June 26, 2009 / 5:27 PM / 10 years ago

Obama: Violence affects U.S. hope for Iran dialogue

WASHINGTON (Reuters) - President Barack Obama, in some of his sharpest remarks to date, said on Friday hopes for U.S. dialogue with Iran were affected by what he called Tehran’s “outrageous” brutality following a disputed election.

U.S. President Barack Obama speaks in the East Room of the White House along with German Chancellor Angela Merkel following their Oval Office meeting in Washington June 26, 2009. REUTERS/Kevin Lamarque

“There is no doubt that any direct dialogue or diplomacy with Iran is going to be affected by the events of the last several weeks,” Obama told a joint White House news conference with German Chancellor Angela Merkel.

“We don’t yet know how any potential dialogue will have been affected until we see what has happened inside of Iran,” he said.

Obama’s remarks came as protests continued in Iran over the country’s June 12 presidential election, in which President Mahmoud Ahmadinejad was declared the victor by a wide margin.

Ahmadinejad’s rivals, led former Prime Minister Mirhossein Mousavi, said the election was stolen and hundreds of thousands of people have protested in Tehran and elsewhere. Security forces responded with a violent crackdown and one hardline cleric on Friday called for leading “rioters” to be executed.

Some Republicans have criticized Obama for his cautious reaction to the crisis but his tone sharpened this week after some demonstrators were killed.

Merkel, whose country is one of Iran’s main trading partners for sophisticated engineering technology, was an early critic calling for Tehran to permit peaceful protests and to recount votes in the disputed election.

“The Iranian people need to be given the right to peaceful demonstrations, that the Iranian people have the right to have votes be counted and the election results substantiated,” Merkel told the news conference.


Iranian leaders have accused Obama and other foreign officials of meddling in their affairs and encouraging the opposition but State Department spokesman P.J. Crowley told reporters their problem was self-inflicted.

“It’s not a matter of something that was brought in from the outside. A significant segment of the Iranian population believes that their voices have not been heard and that the results that ... the government has announced do not reflect the will of the people,” he said.

Still, Obama said he remained open to resuming nuclear talks between Tehran and major world powers. Washington asserts Iran’s nuclear program is designed to produce atomic weapons, but Iran says it is for energy.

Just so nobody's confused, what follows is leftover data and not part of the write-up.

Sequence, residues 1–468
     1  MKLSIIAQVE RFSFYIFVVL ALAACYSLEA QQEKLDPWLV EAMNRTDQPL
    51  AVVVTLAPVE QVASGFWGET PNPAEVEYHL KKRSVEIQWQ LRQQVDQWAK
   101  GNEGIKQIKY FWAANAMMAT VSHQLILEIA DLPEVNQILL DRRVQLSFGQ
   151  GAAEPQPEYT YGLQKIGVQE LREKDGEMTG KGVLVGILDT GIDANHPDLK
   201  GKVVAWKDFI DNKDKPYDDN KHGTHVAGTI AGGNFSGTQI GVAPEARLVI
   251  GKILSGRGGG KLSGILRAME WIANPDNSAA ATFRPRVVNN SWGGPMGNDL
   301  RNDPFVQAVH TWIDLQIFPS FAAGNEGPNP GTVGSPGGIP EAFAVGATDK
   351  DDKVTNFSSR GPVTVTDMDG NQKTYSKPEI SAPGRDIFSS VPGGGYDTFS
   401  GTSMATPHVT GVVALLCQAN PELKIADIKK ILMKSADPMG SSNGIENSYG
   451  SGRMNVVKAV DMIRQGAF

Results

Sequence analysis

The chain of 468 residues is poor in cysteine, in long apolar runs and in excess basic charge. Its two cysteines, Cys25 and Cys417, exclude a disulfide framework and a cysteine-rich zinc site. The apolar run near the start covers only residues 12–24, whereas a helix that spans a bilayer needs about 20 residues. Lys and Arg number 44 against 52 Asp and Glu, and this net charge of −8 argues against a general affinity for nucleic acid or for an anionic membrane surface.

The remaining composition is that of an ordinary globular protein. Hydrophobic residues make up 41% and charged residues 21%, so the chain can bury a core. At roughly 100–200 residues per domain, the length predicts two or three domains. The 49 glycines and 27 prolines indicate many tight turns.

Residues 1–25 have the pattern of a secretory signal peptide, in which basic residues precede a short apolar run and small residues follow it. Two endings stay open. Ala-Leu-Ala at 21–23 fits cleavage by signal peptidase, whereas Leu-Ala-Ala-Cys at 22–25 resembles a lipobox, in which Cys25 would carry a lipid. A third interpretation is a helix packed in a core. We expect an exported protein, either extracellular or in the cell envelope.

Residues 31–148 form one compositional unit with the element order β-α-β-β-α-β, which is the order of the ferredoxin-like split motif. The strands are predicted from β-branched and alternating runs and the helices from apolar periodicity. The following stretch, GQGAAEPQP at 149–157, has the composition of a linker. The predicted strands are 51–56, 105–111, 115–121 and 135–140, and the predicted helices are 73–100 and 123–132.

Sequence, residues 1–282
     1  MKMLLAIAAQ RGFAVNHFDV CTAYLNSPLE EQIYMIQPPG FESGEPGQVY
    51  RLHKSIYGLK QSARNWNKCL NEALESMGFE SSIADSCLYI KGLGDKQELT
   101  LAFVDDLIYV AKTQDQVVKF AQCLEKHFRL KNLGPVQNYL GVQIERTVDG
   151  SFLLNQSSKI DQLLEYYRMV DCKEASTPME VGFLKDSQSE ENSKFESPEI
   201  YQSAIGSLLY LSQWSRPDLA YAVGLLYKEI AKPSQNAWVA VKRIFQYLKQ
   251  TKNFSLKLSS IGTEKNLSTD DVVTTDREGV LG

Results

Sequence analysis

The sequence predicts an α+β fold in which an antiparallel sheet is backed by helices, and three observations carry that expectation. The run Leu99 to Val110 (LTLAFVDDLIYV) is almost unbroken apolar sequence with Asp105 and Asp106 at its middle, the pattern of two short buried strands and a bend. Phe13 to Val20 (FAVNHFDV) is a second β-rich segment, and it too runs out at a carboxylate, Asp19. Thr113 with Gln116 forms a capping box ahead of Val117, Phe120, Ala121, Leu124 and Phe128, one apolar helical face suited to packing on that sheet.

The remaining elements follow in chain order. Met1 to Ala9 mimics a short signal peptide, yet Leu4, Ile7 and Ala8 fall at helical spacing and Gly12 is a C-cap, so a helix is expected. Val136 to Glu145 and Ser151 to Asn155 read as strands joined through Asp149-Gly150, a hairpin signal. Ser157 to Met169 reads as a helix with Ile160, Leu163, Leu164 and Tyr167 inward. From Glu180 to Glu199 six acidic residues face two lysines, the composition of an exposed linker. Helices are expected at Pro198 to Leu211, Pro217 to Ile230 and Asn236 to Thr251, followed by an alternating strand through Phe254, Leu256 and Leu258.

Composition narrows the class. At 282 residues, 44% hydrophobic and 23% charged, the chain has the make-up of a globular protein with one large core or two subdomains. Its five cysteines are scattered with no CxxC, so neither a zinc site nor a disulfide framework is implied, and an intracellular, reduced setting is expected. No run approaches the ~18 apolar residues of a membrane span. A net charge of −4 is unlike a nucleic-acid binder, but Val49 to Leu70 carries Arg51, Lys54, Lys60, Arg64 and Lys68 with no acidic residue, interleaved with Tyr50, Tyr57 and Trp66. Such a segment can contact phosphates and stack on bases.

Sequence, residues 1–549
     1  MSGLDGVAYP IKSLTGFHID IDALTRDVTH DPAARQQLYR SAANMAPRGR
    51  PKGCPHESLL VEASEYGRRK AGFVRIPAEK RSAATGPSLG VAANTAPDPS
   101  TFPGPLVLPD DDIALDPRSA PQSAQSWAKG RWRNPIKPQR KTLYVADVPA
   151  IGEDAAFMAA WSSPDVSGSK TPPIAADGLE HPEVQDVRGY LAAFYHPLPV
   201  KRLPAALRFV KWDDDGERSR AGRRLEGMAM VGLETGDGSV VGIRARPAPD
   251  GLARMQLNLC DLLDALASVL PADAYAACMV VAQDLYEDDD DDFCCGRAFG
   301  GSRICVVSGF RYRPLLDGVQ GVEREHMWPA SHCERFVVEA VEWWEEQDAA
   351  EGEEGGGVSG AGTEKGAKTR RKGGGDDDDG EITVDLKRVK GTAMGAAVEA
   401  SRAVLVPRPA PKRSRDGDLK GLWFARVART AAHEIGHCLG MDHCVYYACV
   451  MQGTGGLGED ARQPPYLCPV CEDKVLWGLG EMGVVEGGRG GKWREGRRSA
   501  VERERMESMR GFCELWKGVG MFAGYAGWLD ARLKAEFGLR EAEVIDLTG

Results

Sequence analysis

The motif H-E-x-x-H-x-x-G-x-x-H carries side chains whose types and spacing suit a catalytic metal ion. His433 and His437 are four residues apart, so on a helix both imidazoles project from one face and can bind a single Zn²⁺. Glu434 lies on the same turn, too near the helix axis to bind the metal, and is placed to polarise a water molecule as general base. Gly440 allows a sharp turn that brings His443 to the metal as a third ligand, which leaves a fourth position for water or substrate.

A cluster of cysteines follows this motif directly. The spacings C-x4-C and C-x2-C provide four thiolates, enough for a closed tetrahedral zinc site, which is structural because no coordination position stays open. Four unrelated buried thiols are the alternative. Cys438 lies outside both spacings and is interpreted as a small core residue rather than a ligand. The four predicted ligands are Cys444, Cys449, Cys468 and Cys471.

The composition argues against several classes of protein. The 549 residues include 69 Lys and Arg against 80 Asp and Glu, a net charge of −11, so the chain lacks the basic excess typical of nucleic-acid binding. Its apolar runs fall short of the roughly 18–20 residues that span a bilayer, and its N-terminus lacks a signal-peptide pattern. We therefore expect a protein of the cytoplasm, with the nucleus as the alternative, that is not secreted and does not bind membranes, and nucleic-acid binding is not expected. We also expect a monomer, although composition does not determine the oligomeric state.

“There are going to be discussions that continue on the international stage around Iran’s nuclear program,” Obama said. “I think the direct dialogue between the United States and Iran and how that proceeds, I think we’re going to have to see how that plays itself out in the days and weeks ahead.”

Crowley said the administration hoped Iran would accept an offer for talks with the United States and other major powers about its nuclear program.

“We seek engagement with Iran,” he said. “But so far ... we haven’t seen a meaningful response from Iran materialize.”

Obama rejected a demand for an apology from Iranian President Mahmoud Ahmadinejad, who had accused Obama of interfering in the Iranian election.

“I don’t take Mr. Ahmadinejad’s statements seriously about apologies, particularly given the fact that the United States has gone out of its way not to interfere with the election process in Iran,” he said.

The U.S. leader praised Iranian protesters, saying: “Their bravery in the face of brutality is a testament to their enduring pursuit of justice. The violence perpetrated against them is outrageous.”

Asked about his comment last week that there was little difference between the policies of Ahmadinejad and his chief rival, Mousavi, Obama said he could not assume the two would have had significant policy differences on issues important to U.S. national security.

But he said in recent days Mousavi had “captured the imagination or the spirit of forces within Iran that were interested in opening up.”

“He has become a representative of many of those people who are on the streets and who have displayed extraordinary bravery and extraordinary courage,” Obama said.

Additional reporting by Arshad Mohammed; Editing by Alan Elsner and David Storey

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